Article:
The hands and fingers were, not surprisingly, the most common body part to be damaged, accounting for 36% of all the injuries.  The eyes, were the second most common on the hit list – a whopping 19%.  The victims were mostly male (76%) and young (35 % were less than 15 year old).  A consortium of international studies also showed that bystanders were almost as likely (47%) to be injured as the individuals that set off the fireworks.

Ophthalmologists hate being on call on July Fourth as they are often swamped.  Corneal abrasions (42%) and contusions (26%) are what we most commonly see.  While they can be quite painful, they are fortunately temporary and patients generally recover without any long-term problems.  However, life-changing permanent damage such as rupture of the eyeball, retinal detachment, chemical and thermal burns, intraocular foreign body, can occur in up to 18% of cases.  Four percent of fireworks-related ocular trauma required enucleation (removal of the eye) – a chilling fact for a seemingly benign summer fun.

Firecrackers are the worst offender, causing 25% of all fireworks-related ocular injuries.  They blast off in unpredictable trajectory, with an uncanny ability to land on the eyes.  It is mind boggling to me why people will wear safety googles for house cleaning but they would not wear them to set off firecrackers.

In the same token, parents are more apt to let their children play with sparklers than to allow them to light their birthday candles.  Sparklers can burn at 2000 degrees Fahrenheit, 10 times hotter than boiling water.  Children holding them directly in front of their face are at high risk of thermal burns to their eyes.  Bottle rockets and roman candles are two other types of fireworks that have a high incidence of ocular trauma.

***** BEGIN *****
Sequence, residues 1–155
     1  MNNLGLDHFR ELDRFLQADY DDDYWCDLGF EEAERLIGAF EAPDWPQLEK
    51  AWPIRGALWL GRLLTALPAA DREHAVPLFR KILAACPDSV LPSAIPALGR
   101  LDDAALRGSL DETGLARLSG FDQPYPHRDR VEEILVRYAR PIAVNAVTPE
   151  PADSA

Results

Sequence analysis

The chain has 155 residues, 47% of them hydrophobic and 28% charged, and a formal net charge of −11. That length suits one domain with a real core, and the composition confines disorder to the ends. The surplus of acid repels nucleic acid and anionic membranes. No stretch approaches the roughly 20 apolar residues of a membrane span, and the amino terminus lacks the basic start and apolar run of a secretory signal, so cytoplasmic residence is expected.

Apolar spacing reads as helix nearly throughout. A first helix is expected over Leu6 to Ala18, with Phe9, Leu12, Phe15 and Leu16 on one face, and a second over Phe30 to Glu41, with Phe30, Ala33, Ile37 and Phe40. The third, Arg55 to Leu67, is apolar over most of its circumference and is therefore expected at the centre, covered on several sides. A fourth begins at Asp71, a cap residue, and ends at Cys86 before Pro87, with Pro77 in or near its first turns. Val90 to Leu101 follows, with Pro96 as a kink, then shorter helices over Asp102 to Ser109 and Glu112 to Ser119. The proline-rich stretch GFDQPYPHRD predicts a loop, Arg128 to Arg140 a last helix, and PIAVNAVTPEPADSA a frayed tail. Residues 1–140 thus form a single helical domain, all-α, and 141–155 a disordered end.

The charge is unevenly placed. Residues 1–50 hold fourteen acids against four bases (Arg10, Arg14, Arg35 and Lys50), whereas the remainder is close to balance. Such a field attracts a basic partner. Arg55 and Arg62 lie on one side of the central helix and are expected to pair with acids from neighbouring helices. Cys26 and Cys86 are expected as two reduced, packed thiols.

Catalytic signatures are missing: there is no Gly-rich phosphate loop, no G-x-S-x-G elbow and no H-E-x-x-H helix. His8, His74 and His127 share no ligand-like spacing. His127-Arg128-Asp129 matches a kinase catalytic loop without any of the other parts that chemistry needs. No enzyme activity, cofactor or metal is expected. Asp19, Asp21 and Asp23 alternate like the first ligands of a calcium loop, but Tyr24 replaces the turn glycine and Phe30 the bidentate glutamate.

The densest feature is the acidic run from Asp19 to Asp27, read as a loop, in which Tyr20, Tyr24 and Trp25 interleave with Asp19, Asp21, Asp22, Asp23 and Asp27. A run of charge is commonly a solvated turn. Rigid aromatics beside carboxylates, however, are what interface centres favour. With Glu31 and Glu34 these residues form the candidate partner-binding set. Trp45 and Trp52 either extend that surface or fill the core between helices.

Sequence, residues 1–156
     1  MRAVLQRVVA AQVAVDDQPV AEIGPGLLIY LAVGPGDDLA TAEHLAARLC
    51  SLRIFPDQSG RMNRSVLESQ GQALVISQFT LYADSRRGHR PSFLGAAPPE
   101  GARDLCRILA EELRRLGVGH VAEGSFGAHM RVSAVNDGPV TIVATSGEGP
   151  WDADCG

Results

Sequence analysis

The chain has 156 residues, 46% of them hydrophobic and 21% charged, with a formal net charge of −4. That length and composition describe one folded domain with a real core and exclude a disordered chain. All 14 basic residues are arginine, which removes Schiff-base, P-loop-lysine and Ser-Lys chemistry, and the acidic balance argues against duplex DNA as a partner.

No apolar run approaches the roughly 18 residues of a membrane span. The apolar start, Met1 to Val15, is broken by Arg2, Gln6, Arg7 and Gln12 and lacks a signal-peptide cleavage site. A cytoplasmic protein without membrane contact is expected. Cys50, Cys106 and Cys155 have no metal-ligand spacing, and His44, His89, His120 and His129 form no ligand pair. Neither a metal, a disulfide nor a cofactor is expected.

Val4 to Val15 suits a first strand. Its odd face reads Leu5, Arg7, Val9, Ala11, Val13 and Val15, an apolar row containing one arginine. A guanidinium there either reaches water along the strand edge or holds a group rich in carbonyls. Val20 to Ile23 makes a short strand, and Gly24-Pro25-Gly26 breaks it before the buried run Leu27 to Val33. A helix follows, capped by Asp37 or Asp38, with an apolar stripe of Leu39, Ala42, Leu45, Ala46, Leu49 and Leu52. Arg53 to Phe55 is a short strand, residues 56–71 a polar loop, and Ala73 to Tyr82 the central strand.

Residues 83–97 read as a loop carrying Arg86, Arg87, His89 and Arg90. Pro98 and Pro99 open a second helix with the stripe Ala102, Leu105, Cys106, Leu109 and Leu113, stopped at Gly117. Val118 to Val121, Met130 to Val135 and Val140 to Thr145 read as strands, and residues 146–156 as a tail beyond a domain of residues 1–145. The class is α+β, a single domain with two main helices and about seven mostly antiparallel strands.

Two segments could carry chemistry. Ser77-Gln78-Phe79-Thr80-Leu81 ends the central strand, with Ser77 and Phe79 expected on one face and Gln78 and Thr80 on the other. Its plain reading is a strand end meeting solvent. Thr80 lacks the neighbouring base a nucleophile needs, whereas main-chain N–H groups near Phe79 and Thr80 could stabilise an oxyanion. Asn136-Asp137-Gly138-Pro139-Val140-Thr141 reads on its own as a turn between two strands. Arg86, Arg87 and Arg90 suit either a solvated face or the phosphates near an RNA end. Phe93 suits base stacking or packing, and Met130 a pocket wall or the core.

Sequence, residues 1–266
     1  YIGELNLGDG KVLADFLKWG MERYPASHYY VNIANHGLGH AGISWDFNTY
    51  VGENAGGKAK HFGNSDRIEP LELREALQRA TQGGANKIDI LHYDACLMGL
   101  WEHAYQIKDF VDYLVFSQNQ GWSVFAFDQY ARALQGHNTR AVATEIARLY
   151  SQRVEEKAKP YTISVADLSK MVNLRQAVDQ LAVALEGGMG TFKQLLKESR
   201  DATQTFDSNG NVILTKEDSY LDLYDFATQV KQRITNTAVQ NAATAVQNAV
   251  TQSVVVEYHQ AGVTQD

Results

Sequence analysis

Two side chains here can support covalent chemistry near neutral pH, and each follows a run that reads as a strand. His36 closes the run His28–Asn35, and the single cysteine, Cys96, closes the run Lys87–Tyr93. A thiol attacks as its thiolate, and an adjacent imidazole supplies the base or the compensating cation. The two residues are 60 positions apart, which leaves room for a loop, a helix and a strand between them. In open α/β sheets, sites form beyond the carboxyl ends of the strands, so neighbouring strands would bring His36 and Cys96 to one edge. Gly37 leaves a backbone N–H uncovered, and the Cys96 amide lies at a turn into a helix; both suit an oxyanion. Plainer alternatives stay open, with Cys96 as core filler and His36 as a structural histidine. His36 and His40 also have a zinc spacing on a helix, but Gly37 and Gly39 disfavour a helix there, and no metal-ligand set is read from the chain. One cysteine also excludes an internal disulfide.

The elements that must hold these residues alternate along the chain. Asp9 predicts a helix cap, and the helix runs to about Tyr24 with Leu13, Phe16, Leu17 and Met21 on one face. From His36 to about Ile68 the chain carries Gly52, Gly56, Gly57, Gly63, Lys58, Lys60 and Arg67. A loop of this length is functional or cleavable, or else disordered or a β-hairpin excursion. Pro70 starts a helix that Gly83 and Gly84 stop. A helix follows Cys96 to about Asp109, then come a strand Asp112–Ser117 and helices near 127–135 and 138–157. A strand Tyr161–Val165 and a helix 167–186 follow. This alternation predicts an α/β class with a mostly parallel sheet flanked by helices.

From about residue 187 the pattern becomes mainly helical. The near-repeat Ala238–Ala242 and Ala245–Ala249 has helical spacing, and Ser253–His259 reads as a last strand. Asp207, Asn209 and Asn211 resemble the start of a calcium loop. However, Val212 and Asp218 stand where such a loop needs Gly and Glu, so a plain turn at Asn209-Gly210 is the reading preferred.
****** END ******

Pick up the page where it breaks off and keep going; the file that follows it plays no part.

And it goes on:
The American Academy of Ophthalmology advises that the best way to avoid a potentially blinding fireworks injury is by attending a professional public fireworks show rather than purchasing fireworks for home use.

For those who attend professional fireworks displays and/or live in communities surrounding the shows:

  • Respect safety barriers at fireworks shows and view fireworks from at least 500 feet away.
  • Do not touch unexploded fireworks; instead, immediately contact local fire or police departments to help.

For those who decide to purchase consumer fireworks because they live in states where they are legal, the Academy recommends the following safety tips to prevent eye injuries:

  • Never let young children play with fireworks of any type, even sparklers.
  • People who handle fireworks should always wear protective eyewear that meets the parameters set by the American National Standards Institute and ensure that all bystanders are also wearing eye protection.
  • Leave the lighting of professional-grade fireworks to trained pyrotechnicians.

If an eye injury from fireworks occurs, remember:

  • Seek medical attention immediately.
  • Do not rub your eyes.
  • Do not rinse your eyes.
  • Do not apply pressure.
  • Do not remove any objects that are stuck in the eye.
  • Do not apply ointments or take any blood-thinning pain medications such as aspirin or ibuprofen.

Alexander Hamilton died in a duel with then vice-president Aaron Burr.  He was 49.  He knew first-hand the risk of a duel – having personally attended the duel between Colonel John Laurens and General Charles Lee.   Hamilton’s first son, Philip, was also killed in a duel with George Ecker in an effort to defend his father’s honor.   Duels were commonly practiced for men to settle their disputes in Hamilton’s time.  He was honorable.  Apparently he didn’t even point his gun at Aaron Burr.  His death seemed absolutely senseless from a modern perspective.  History does not need to repeat itself.  Just because a practice is common does not mean that it is not senseless.  Losing eyesight from fireworks is equally senseless.  So, learn from history.  Have a safe and happy Fourth of July!